Fictive Carers Perceptions of the Impact of Outcome-Focused Homecare with Older People Living Alone
School of Social Work, Care and Community, University of Central Lancashire, UK
- *Corresponding Author:
- Stephen Gethin-Jones
School of Social Work, Care and Community
University of Central Lancashire, Harrington Building, HA344, UK
Tel: +44 (0)1772895464
E-mail: [email protected]
Received Date: December 23, 2016; Accepted Date: January 09, 2017; Published Date: January 11, 2017
Citation: Gethin-Jones S (2017) Fictive Carers Perceptions of the Impact of Outcome-Focused Homecare with Older People Living Alone. J Gerontol Geriatr Res 6:394. doi:10.4172/2167-7182.1000394
Copyright: © 2017 Gethin-Jones S. This is an open-access article distributed under the terms of the Creative Commons Attribution License, which permits unrestricted use, distribution, and reproduction in any medium, provided the original author and source are credited.
Purpose: The aim of this paper is to discuss whether the use of outcome-focused homecare improves the subjective wellbeing of the fictive carers of older people living alone. It also discusses fictive carers’ perception of whether this intervention has improved the well-being of their relative.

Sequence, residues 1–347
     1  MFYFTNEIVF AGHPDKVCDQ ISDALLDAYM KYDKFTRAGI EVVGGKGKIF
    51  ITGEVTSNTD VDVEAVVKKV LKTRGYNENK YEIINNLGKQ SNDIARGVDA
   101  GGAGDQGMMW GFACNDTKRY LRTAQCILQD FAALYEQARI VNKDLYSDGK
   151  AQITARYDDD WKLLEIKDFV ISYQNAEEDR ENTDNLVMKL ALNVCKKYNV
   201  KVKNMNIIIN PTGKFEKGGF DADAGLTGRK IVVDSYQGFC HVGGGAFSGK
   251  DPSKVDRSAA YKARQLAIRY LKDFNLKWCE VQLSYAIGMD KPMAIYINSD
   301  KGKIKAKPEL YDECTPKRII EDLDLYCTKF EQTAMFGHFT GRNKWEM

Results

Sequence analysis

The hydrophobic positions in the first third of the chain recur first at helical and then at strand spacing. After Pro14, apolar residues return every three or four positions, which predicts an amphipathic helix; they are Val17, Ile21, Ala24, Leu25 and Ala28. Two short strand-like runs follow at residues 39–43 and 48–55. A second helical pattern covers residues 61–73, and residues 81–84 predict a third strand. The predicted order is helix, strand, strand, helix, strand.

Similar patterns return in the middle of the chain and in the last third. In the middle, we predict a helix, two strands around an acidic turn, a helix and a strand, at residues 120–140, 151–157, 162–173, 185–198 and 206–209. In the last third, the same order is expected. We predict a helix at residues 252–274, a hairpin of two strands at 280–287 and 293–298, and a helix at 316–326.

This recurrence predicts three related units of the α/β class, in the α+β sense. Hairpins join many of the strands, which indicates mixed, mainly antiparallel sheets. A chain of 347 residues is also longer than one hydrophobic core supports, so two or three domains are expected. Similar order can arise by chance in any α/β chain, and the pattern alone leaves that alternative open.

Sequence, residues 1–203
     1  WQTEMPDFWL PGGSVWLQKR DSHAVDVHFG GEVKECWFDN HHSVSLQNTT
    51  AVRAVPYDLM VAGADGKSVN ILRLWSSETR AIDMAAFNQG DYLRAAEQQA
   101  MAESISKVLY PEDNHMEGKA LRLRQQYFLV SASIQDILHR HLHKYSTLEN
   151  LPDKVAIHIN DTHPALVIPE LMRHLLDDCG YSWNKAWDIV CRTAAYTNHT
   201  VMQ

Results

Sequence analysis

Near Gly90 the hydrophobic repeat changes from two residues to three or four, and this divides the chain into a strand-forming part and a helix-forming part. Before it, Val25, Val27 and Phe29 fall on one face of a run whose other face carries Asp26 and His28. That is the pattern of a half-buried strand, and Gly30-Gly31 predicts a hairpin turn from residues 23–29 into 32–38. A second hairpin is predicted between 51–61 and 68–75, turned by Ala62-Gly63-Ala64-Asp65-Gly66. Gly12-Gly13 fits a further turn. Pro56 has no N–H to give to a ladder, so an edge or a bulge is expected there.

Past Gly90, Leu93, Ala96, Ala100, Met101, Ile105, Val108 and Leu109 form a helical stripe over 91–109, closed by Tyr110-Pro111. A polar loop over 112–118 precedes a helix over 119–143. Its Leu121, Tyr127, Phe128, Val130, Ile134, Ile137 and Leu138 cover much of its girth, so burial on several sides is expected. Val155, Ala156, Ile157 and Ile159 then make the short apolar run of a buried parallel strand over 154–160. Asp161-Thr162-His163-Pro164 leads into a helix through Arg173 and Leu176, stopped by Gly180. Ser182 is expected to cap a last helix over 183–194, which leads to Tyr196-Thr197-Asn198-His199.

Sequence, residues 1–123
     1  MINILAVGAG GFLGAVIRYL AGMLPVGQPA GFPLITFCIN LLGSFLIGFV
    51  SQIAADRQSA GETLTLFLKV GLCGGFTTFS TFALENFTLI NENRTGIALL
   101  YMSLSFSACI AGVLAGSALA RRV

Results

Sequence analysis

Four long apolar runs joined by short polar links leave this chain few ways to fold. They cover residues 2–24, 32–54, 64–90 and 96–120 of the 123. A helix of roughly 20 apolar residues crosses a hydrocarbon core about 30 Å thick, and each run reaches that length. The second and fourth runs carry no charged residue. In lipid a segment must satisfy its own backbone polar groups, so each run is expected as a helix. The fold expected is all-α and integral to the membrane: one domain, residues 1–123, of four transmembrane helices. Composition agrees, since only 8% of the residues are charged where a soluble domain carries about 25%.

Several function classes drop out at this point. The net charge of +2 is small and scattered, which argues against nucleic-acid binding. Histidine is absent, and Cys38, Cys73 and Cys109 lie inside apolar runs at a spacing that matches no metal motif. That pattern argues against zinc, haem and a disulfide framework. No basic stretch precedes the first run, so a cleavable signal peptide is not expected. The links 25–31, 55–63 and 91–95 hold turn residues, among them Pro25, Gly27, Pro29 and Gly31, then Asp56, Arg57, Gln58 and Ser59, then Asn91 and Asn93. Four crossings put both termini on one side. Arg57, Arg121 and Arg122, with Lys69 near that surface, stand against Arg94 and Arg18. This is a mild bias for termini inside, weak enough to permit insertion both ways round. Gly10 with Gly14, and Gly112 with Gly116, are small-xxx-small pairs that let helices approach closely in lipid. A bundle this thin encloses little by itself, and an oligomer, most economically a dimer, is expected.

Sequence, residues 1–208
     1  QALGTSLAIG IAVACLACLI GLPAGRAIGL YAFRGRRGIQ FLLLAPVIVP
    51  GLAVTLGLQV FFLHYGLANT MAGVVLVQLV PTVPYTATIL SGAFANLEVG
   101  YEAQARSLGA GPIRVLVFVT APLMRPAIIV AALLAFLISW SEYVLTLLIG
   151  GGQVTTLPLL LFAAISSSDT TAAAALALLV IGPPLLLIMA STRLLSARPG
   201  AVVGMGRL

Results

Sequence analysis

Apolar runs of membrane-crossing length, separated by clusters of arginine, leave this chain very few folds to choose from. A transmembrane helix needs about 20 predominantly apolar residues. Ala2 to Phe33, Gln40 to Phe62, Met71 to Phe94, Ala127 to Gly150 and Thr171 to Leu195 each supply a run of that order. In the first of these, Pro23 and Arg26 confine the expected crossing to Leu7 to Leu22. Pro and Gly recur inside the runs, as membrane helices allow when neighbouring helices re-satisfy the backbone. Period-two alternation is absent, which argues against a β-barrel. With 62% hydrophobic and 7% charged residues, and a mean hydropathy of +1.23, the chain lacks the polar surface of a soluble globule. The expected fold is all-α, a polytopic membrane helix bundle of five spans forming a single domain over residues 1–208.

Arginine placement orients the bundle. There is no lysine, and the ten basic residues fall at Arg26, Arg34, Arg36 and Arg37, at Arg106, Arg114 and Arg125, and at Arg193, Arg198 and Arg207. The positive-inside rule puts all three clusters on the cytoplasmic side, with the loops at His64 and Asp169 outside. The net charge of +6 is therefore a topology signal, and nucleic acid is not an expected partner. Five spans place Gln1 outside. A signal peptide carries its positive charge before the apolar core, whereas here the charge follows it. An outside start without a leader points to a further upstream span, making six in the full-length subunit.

Design/methodology/approach: This study followed the fictive carers of 30 service users who were assessed as having high care needs and living alone over a six-week period. Semi-structured interviews were undertaken at three intervals during the six weeks. The carers were asked to assess their subjective well-being at the start, middle and end of the study.
Findings: The key findings were that all 30 fictive carers expressed an improvement in their subjective well-being and that of their older family member, who appeared more settled as a result of this model of care.
Originality/value: This study provides an insight into the impact of outcome-focused homecare with older people as perceived by their fictive carers. Previously, research has established that outcome-focused care increased the subjective well-being of the older person from their own perspective. This study also demonstrated that this model of outcome-focussed care also improved the subjective well-being of the fictive carers themselves. These findings will help healthcare practitioners consider the use of this model of homecare as a potential alternative to providing separate support packages for the fictive carers.